When life gave Caryn Dugan some lemons, guess what? She made lemonade. In August 2008, Dugan’s father passed away after a long fight with cancer. “Of course that was very impactful on me,” Dugan notes, “and then exactly 10 weeks later, I, too, was diagnosed with cancer. I went through surgery and got rid of it—and thankfully I’m cancer-free now. I call it my brush with cancer because it wasn’t a long, drawn out treatment with chemo. But my entire life, I was always looking into what’s healthy. I would do Weight Watchers, I would do this, I would do that. I was constantly asking, What does the word ‘healthy’ mean?

Dugan says she picked up a copy of The China Study by Dr. T. Collin Campbell, which then prompted her to read all kinds of articles, journals, books and magazines by renowned physicians about how the body is fueled and how the body can build its immune system through the use of whole foods. “So would my father not have died of cancer had he been on a whole foods/vegan diet? Would I have been diagnosed with cancer had I been on a whole foods/plantbased diet?” she poses. “Who knows? You can’t go back, but what I can do now is make better decisions for myself and help others do the same thing. It’s about knowing what you are putting in your body and what you are doing to yourself. I still don’t make all the right decisions—I still like a glass of wine from time to time, and I’ll pick up a bag of chips every once in a while because I’m craving them. And that’s OK. You don’t have to be psycho about it, but you do have to understand what you’re doing to yourself if you indulge too often.”

Her next step was to change to a plantbased diet, but she also knew that she needed to be educated. “I knew it was a good choice, but it was so confusing. When I first started doing this, I knew I could steam broccoli like a champ, but so can anybody and that gets old after about a week. I decided I should become educated, so on National Veggie Day in June 2009, I attended a class that Bridgette Kossor was teaching at Whole Foods. I just really connected with her.” And the feeling was likely mutual, because Kossor called Dugan the following week, asking if she would be her assistant. “I taught with her for two years at the Wellness Community (now the Cancer Support Community). I learned a lot through her. But then with her recent move to Tennessee, she asked if I would be interested in continuing to teach the classes, which was incredibly generous of her.”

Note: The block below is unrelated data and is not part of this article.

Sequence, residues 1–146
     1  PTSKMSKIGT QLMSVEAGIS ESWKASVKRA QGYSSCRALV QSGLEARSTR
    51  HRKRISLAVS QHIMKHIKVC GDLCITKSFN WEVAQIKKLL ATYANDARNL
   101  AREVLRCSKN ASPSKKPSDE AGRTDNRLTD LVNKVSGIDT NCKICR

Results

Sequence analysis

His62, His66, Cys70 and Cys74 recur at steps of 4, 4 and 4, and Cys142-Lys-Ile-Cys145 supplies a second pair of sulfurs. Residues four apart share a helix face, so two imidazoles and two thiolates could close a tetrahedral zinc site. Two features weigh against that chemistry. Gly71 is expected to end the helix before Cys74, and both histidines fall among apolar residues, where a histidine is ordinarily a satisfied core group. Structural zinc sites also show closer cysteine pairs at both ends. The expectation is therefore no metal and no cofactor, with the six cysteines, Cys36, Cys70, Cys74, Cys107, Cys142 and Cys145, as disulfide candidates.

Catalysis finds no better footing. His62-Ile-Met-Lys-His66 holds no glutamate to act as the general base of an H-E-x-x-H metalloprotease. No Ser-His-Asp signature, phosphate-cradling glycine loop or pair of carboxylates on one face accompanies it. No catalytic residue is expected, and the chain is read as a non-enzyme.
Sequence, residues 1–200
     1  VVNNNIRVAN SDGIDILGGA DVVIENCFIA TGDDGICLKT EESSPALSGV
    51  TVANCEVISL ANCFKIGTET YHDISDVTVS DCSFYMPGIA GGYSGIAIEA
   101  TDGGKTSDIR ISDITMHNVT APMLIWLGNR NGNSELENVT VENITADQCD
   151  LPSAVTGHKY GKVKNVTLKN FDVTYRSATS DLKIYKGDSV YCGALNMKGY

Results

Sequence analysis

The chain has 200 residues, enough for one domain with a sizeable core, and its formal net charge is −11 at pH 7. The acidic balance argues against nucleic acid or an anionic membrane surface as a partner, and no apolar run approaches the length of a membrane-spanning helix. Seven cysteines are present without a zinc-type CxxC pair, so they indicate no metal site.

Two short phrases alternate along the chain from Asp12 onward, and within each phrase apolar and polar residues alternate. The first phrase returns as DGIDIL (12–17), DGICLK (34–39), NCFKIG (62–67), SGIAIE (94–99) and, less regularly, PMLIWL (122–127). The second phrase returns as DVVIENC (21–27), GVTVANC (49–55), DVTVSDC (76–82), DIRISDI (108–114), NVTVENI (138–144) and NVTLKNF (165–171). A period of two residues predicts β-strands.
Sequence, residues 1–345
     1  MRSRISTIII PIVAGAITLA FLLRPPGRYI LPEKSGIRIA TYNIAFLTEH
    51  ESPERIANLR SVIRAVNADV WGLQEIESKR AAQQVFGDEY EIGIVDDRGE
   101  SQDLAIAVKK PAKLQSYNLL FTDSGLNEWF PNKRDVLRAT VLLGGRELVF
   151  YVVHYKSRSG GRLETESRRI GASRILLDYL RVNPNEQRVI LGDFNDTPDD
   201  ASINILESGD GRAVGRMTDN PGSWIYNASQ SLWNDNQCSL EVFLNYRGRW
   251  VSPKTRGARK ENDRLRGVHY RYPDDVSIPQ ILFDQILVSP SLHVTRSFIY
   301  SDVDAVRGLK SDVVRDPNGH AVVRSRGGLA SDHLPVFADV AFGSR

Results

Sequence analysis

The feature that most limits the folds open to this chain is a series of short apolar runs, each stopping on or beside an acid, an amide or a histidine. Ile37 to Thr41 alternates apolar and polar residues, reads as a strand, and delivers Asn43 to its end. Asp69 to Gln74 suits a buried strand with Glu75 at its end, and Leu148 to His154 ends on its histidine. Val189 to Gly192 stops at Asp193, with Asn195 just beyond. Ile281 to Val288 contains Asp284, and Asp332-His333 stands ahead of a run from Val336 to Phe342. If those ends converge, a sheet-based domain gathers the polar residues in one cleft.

Recently, Dugan has spent time reorganizing and creating a focus for STLVegGirl, which is starting up in October. “I’m my own brand, as a lot of people are doing now,” she explains. “My focus is on all things plants: economically, seasonally and local. If your food doesn’t have to travel for three weeks to get to you, then it’s going to retain its nutrients, minerals and vitamins.”

And her tagline: A plant on every plate! “It’s no secret that whole foods, whole grains and whole plants are beneficial to just about every system in your body, so why not add more of this to your plate?”

Duggan has classes scheduled at both local Whole Foods locations for the next three months. “For class ideas, I look to see what’s in season,” she continues. “I look to see what holidays, festivals and times of the year are coming up, so I cook and plan around the calendar. I just think it’s important to teach people to not to be afraid of vegetables. It’s so easy to use the convenience foods, especially the microwaveable varieties, but there’s also a lot to be said about bringing cooking back to the kitchen and having the kiddos help, or your spouse or your friends. Feed your body well, and as I said, A plant on every plate! It doesn’t mean you have to take your chicken or cheese off your plate—just add more vegetables and grains.”

More Food & Dining articles.